The solution below did not help me fix freezing cluster. I have identified since then, though, another problem with the setup. Prometheus was eating up all memory of a machine. The link to the article:
If you’ve: - installed Kubernetes on your baremetal machine - that machine is running Ubuntu - and your machine is suddenly unresponsive, then:
- Make sure you don’t have docker 1.9.1 as per this topic: [kubelet high CPU][https://github.com/kubernetes/kubernetes/issues/18515]
- (This one was my issue) Make sure you have disabled SWAP properly:
sudo swapoff -a sudo sed -i '/ swap / s/^\(.*\)$/#\1/g' /etc/fstab # I was missing the command below # Make sure you don't have this line already in /etc/sysctl.conf, otherwise just edit the file manually echo "vm.swappiness=0" | sudo tee --append /etc/sysctl.conf
You need to restart the machine afterwards.
Long Story ;)
I’ve noticed today that my laptop that is running kubernetes is totally unresponsive. Laptop has had Ubuntu installed. My machine was last rebooted 3 days ago, which means that the issue has appeared after 3 days of uninterrupted running. I could not SSH into machine anymore. Fortunately the machine is on a desk next room, so I could physically access the terminal. Despite the fact that the machine was highly unresponsive, I was able to run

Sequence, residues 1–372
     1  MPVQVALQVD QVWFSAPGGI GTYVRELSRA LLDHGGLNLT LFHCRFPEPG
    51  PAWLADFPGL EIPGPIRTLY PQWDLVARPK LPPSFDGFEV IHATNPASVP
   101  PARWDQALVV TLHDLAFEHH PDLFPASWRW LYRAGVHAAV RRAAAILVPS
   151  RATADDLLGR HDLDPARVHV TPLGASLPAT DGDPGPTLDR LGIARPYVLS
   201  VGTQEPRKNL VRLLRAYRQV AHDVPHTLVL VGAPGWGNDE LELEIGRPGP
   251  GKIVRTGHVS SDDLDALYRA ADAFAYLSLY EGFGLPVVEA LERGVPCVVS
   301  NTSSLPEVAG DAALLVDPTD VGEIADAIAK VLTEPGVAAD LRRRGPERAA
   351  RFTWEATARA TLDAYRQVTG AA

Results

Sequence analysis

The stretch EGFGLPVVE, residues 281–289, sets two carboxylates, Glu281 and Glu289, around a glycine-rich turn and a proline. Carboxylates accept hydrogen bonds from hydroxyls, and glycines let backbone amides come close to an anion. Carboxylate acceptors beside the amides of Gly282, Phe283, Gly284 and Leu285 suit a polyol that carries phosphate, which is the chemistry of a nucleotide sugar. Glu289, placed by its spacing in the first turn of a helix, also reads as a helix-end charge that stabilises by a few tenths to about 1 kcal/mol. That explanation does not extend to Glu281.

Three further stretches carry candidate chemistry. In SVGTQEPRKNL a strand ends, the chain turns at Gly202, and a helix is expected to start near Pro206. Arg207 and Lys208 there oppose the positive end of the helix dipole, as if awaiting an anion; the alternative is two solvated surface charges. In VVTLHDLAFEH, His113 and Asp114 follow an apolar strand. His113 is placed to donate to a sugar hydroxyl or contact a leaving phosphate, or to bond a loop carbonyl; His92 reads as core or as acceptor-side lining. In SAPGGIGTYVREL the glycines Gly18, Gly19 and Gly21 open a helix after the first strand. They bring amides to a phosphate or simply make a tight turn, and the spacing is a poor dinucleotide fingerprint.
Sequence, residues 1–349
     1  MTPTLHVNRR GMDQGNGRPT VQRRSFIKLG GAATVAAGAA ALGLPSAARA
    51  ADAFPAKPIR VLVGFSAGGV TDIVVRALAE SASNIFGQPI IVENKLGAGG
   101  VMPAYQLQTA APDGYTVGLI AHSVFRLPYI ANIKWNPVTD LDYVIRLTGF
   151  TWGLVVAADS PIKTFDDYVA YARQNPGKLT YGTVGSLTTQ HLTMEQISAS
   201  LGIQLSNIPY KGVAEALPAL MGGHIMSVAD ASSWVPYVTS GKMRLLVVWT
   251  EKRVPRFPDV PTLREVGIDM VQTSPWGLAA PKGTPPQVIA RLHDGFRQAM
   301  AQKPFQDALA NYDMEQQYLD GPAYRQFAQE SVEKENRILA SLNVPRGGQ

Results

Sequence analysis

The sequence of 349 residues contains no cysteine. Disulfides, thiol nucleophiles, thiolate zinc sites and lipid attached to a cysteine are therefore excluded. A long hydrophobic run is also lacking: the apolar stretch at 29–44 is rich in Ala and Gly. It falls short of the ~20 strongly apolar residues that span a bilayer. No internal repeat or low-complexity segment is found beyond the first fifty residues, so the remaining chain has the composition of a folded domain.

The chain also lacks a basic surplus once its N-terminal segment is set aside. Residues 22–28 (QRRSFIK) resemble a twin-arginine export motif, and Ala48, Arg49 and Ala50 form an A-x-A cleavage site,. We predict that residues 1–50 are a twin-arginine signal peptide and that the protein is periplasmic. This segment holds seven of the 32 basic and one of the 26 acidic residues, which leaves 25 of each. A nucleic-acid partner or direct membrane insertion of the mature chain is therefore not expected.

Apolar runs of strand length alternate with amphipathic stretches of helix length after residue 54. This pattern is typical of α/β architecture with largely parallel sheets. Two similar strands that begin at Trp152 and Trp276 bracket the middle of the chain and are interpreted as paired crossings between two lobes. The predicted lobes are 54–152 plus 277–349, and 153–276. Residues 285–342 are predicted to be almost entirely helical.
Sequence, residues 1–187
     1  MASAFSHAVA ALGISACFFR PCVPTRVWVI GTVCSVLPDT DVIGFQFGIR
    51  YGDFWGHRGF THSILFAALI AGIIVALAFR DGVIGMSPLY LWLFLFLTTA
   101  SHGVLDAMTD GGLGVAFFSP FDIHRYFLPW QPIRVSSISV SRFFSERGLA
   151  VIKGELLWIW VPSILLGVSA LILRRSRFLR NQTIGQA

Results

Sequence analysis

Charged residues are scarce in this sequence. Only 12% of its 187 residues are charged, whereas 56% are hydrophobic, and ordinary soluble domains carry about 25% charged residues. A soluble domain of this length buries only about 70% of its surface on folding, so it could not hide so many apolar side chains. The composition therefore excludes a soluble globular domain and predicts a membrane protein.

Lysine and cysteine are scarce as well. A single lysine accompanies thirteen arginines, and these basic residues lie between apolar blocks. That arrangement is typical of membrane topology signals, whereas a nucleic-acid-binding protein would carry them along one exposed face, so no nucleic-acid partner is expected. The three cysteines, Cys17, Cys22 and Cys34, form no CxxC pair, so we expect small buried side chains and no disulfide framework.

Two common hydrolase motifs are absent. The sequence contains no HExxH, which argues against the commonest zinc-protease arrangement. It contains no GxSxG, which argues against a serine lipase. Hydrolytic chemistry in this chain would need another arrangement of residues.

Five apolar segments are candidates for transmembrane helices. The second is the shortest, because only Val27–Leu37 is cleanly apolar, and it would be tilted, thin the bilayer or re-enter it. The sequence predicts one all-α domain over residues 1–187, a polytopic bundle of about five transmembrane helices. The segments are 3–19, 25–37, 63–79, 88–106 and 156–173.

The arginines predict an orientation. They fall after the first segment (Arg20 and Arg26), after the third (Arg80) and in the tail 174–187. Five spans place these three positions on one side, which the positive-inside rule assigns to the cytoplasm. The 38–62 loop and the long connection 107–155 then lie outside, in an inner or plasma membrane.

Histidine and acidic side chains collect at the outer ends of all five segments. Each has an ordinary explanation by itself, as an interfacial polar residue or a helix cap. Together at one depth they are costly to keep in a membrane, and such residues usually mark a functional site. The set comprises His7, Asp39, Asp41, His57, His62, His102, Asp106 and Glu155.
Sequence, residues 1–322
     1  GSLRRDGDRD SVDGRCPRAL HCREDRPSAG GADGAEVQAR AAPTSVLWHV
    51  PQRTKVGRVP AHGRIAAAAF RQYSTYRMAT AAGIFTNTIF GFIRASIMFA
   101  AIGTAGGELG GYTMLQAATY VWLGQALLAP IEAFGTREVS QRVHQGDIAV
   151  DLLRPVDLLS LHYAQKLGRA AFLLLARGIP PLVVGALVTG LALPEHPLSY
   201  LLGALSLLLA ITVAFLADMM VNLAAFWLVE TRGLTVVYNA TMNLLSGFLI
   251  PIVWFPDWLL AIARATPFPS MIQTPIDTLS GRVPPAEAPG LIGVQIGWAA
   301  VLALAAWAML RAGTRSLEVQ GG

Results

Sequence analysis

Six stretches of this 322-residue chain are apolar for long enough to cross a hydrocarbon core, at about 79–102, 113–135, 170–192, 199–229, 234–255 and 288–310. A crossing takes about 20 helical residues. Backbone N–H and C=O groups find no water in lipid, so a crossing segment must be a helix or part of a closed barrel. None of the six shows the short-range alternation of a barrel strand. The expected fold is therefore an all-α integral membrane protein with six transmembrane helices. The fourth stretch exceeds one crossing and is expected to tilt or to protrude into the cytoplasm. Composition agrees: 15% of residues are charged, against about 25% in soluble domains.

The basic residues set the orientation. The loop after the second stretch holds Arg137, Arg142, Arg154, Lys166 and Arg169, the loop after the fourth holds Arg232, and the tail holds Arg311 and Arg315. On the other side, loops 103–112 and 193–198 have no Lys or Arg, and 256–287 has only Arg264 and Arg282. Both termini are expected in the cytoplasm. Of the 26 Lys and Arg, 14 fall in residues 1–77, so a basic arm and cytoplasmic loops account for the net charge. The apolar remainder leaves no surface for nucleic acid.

top from terminal. It turned out that both kubelet and kube-apiserver were using somewhere around 200% of CPU time (it’s a 4-core machine). What was surprising, there was another process taking up much of CPU, which was
kswapd0. It was strange as I have disabled swap before installing Kubernetes on my machine (it is actually a requirement as kubelets cannot work on a machine with swap enabled at this point). It immediately struck me as I remember that kubelet cannot work with swap enabled.
The problem? It looks like after disabling swap I forgot about setting swappinness in /etc/sysctl.conf. After adding a line
It looks like the problem is solved for now, I will let you know in a few days in case that doesn’t solve it.